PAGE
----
Finally, it is supporting the Australian Computer Society’s professional development program, which has been designed to build capability in the ICT workforce.

Follow Stephanie McDonald on Twitter: @stephmcdonald0

Follow CIO Australia on Twitter and Like us on Facebook… Twitter: @CIO_Australia, Facebook: CIO Australia, or take part in the CIO conversation on LinkedIn: CIO Australia

Tags 457 visaaustralian computer society (ACS)Australian Workforce and Productivity Agency

More about Australian Computer SocietyFacebook

5 Comments

asmodius

1

We'll base level IT starts on service desk and women tend to be to strong willed to put up with people asking you for help but treating you like your dirt at the same time. I for one am sick of people getting their rage on at me when the problem is not their system but their own lack of understanding and unrealistic expectations. Additionally Women tend to be better at creating pulling on their artistic side, ICT tends to be heavy on the support focus which is more paint by numbers troubleshooting with no creative thinking involved. I don't know a single woman who can follow even a recipe to the letter because they like to put their own personal flair in to make it their own unique twist. To put simply Women's brains tend to be wired in such a way that IT is boring as bat **** to them. Still the ones that are in the industry seem to have the best customer service, I think its because they care more about peoples feelings then men do.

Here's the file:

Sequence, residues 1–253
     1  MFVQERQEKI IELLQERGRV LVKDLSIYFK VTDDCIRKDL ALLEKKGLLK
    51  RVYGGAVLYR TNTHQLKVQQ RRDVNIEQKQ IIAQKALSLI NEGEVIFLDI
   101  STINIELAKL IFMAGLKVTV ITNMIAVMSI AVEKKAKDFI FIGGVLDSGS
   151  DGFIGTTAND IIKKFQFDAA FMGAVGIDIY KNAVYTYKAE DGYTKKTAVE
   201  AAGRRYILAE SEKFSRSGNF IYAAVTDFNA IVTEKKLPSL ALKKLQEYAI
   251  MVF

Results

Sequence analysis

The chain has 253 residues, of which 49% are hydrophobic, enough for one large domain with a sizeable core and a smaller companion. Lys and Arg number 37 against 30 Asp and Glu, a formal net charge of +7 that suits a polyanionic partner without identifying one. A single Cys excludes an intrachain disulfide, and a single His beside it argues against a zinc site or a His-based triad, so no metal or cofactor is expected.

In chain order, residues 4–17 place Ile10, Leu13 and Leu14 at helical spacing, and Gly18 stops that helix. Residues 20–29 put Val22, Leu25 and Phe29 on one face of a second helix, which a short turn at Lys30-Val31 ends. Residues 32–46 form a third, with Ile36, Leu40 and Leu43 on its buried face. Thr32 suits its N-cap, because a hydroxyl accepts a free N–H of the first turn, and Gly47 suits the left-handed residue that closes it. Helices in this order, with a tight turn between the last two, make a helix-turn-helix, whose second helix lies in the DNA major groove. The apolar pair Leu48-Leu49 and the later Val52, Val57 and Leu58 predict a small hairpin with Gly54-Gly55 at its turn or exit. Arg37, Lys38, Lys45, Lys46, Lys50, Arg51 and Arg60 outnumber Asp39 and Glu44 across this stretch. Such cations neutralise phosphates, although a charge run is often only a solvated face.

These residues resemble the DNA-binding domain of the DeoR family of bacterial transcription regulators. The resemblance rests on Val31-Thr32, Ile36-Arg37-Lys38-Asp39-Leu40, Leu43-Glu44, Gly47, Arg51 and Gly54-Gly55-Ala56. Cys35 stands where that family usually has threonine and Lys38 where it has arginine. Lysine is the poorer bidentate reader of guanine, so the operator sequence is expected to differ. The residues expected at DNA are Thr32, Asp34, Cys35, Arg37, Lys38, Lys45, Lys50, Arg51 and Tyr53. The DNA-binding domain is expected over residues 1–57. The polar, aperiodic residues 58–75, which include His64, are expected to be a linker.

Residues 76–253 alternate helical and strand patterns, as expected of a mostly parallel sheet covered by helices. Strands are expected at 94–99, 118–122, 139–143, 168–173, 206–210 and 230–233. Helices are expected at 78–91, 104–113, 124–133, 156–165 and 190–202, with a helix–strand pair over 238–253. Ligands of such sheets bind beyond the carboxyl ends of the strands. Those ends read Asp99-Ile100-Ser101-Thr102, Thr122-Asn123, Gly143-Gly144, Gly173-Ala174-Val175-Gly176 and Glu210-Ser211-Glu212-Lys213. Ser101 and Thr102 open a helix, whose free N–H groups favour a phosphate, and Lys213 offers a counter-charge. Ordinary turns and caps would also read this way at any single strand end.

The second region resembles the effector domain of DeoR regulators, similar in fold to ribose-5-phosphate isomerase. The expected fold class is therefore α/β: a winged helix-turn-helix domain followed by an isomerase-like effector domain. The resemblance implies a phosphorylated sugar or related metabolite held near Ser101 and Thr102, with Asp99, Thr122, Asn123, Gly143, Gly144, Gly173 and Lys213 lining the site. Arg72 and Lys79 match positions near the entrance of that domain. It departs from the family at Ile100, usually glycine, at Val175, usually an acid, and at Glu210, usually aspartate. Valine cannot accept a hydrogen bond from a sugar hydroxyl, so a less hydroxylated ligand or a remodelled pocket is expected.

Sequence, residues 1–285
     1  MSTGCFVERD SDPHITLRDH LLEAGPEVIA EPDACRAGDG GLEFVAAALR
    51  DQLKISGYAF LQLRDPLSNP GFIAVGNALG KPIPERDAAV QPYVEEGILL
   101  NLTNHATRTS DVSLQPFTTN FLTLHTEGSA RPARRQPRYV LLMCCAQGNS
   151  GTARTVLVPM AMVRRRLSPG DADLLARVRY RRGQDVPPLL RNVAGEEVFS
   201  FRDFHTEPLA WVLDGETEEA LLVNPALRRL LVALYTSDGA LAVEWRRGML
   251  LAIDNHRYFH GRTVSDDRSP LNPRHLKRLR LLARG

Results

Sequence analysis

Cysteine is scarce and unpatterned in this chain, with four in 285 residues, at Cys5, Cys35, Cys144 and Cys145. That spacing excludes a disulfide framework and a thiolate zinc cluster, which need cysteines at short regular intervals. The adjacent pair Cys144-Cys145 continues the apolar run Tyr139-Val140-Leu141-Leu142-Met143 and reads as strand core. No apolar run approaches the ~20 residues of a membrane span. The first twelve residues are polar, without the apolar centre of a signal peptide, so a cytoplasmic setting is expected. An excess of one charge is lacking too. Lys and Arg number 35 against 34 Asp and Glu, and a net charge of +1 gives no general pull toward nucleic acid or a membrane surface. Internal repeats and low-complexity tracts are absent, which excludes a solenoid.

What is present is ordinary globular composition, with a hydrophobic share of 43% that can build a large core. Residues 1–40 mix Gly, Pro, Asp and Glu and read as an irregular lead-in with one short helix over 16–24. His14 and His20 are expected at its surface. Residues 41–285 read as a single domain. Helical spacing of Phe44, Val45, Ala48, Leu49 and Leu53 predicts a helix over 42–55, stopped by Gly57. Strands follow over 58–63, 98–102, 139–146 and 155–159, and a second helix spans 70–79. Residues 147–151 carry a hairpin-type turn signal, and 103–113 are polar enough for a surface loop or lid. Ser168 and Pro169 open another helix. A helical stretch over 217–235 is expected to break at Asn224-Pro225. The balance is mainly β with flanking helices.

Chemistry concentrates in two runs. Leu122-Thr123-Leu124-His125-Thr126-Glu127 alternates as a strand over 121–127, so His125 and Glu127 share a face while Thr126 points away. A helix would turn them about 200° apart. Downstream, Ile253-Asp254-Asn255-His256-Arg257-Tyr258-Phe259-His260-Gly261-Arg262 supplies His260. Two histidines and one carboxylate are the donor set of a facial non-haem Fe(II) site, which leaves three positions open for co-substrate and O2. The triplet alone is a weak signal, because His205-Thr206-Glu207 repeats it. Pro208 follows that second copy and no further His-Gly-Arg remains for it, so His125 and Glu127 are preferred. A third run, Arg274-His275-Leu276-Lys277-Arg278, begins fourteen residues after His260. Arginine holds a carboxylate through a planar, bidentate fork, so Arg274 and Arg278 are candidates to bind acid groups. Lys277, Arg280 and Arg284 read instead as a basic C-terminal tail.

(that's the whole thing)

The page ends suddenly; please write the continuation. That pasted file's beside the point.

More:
Peter

2